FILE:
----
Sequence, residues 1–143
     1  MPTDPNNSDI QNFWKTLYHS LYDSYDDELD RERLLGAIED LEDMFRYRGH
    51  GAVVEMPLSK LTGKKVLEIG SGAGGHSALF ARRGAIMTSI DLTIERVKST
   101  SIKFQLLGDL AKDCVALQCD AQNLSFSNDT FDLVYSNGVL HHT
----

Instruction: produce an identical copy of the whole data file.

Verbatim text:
Sequence, residues 1–143
     1  MPTDPNNSDI QNFWKTLYHS LYDSYDDELD RERLLGAIED LEDMFRYRGH
    51  GAVVEMPLSK LTGKKVLEIG SGAGGHSALF ARRGAIMTSI DLTIERVKST
   101  SIKFQLLGDL AKDCVALQCD AQNLSFSNDT FDLVYSNGVL HHT